We’re looking for creative work about life in jail, prison, and immigrant detention.
September 21, 2018
When Edward Ji was seventeen, he was sent to jail to await trial for attempted murder. To pass the time, he’d hang out in the “dayroom” with an acquaintance named Qiu, wearing shackles at a table that was bolted to the floor. One day, Ji learned from the date on a newspaper that Qiu’s birthday was approaching, and he decided to make a cake.
As Ji wrote on the website Prison Writers, he scrounged some ingredients from the jail commissary: Rice Krispies, chocolate, red juice. “Finally, I lay out three Oreo-like cookies and carve Qiu’s three-character Chinese name,” Ji wrote. “My tiny table is covered in crumbs, my back arched like I’m dissecting a worm. I make a microscopic tear in the drink packet and painstakingly fill the cookie grooves . . . Qiu Chang Qing—as bright as Chinese New Year.”
There are countless incarcerated writers like Ji, but most never reach an outside audience. Our newest project, A World Without Cages, aims to change that by bringing together the work of writers on the inside and on the outside. This might include poetry about ICE deportations, an essay about ankle monitors, or a comic about life in jail. We want to know: How does mass incarceration shape the immigrant experience? What have we learned—and failed to learn—from the historical detention of immigrants, such as Japanese Americans? How do the incarcerated fight the system that confines them, and what would a liberated world look like?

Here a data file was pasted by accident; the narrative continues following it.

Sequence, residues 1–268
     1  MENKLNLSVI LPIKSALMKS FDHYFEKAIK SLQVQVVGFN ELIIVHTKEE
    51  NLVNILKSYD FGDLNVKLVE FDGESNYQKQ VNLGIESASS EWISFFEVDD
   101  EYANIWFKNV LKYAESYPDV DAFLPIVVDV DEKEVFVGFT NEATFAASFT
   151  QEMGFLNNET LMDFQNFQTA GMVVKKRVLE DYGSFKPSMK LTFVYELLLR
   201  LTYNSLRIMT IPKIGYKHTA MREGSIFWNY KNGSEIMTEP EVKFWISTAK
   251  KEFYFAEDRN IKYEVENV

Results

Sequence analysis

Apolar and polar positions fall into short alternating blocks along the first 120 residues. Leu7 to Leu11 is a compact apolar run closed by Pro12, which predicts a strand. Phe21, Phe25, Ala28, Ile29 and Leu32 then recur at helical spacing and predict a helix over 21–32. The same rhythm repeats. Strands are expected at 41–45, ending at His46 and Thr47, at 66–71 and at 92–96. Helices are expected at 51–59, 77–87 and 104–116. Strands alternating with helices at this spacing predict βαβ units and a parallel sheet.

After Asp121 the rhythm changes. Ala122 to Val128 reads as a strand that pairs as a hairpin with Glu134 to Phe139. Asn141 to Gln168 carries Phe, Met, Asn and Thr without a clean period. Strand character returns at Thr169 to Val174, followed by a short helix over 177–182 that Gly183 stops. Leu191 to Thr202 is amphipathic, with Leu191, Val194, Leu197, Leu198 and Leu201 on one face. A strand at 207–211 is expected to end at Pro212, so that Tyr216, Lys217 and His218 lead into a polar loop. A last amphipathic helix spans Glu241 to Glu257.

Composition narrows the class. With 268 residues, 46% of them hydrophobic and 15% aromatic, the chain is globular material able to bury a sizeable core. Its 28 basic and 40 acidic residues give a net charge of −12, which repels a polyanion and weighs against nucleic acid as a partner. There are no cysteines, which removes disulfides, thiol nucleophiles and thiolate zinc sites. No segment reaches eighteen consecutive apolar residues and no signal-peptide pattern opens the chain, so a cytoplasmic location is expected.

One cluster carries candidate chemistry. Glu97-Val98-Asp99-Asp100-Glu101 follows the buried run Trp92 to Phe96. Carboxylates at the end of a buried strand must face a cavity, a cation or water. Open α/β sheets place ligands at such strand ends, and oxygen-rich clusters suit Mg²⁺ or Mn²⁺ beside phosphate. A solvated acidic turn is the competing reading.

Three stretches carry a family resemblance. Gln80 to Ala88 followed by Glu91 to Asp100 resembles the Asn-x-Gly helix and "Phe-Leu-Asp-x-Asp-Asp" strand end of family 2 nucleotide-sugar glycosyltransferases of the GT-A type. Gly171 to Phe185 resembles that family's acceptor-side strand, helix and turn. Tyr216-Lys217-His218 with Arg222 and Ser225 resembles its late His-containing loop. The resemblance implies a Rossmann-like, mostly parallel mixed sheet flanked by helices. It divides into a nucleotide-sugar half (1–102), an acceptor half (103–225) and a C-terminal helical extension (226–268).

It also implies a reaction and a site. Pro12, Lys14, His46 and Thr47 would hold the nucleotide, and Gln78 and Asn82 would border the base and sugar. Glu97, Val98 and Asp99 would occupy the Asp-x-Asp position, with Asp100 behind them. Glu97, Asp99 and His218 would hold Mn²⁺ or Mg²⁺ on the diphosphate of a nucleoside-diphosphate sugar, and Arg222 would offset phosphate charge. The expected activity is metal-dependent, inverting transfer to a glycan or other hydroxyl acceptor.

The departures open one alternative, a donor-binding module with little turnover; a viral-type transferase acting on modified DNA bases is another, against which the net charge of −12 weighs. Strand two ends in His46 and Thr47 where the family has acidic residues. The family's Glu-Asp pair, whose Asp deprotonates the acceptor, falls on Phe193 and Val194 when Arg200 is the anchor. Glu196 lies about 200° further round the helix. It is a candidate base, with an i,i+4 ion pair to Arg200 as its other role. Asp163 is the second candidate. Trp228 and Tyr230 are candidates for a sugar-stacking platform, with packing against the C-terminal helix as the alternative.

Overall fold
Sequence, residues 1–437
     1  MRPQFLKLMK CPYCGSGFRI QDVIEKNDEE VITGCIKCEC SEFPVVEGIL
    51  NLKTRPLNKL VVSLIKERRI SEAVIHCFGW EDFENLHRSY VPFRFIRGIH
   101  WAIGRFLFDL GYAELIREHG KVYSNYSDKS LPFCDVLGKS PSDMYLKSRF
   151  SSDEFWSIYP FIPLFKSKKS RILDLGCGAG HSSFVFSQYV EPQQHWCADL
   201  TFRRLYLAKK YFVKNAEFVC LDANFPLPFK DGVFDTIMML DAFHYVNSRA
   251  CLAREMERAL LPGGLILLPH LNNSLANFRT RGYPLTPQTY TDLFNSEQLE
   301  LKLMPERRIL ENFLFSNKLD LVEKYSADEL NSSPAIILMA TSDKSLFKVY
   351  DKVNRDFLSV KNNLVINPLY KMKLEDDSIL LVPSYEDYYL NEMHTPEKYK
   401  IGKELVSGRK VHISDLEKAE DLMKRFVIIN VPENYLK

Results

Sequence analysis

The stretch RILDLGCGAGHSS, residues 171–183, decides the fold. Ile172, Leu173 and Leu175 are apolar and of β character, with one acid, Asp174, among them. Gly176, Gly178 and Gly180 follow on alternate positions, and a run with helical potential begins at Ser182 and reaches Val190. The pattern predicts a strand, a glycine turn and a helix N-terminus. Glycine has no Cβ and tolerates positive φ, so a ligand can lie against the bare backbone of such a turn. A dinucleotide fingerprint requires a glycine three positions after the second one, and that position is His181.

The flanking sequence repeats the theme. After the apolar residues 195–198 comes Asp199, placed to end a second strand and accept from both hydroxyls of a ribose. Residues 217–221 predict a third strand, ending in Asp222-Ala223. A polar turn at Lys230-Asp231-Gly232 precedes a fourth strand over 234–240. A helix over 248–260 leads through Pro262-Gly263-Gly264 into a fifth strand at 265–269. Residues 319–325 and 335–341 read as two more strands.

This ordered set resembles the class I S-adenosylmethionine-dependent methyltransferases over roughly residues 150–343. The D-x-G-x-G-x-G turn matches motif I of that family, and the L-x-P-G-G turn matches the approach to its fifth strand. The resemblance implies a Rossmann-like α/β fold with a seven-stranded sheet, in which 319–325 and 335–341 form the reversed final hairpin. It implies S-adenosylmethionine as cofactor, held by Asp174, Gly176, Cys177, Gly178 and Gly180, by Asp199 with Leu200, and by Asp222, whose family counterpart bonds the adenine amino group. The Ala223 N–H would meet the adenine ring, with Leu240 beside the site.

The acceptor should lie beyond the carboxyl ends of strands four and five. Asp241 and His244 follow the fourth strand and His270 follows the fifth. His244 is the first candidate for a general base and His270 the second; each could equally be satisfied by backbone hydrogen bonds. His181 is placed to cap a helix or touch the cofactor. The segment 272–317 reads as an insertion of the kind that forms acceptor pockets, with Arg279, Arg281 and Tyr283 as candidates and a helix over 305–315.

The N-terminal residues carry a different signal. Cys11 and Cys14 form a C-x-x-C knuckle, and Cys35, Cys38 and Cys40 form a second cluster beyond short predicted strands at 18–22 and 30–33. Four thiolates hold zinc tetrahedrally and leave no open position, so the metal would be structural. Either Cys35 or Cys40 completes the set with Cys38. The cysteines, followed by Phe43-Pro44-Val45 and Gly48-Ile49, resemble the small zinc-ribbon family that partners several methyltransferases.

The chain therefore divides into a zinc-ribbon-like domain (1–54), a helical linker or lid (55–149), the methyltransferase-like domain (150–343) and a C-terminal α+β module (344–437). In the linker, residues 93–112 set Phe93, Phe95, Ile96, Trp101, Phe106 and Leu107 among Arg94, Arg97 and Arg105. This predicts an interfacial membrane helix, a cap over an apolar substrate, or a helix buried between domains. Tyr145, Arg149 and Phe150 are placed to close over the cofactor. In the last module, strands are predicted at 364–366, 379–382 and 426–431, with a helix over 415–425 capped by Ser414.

We’re eager for essays, nonfiction, fiction, poetry, and visual storytelling. We believe in the power of the imagination to cross borders and tear down walls, as it does in The Leavers, the 2017 novel by Lisa Ko. “Three hours a week I was allowed outside, in a cage inside a yard surrounded by tall walls,” says Ko’s protagonist, a young Chinese mother in immigrant detention. “The walls were a lie, a trick. I could pull them apart with my hands, gentle and determined, like pulling a shirt over a child’s head.”
How to Submit
If you know writers who are incarcerated or detained, please mail them a copy of our printable one-page call for submissions. Submissions should be limited to 3000 words or fewer, or about ten pages, one-sided. You may include up to five poems per submission. Don’t forget to include a one-paragraph author bio. Send your work using our online Submittable, or using our mailing address:
A World Without Cages
Asian American Writers’ Workshop
112 West 27th Street, Suite 600
New York, NY 10001
A World Without Cages will appear our online magazine, The Margins, and may be collected in printed portfolios. We want to highlight work by and about the incarcerated, including—but not limited to!—Asian Americans. We can pay an honorarium to all contributors whose work is accepted, and will mail copies to contributors who are incarcerated. If you are incarcerated and need your submission forwarded or returned, please let us know. We may contact some contributors with an offer of writing mentorship.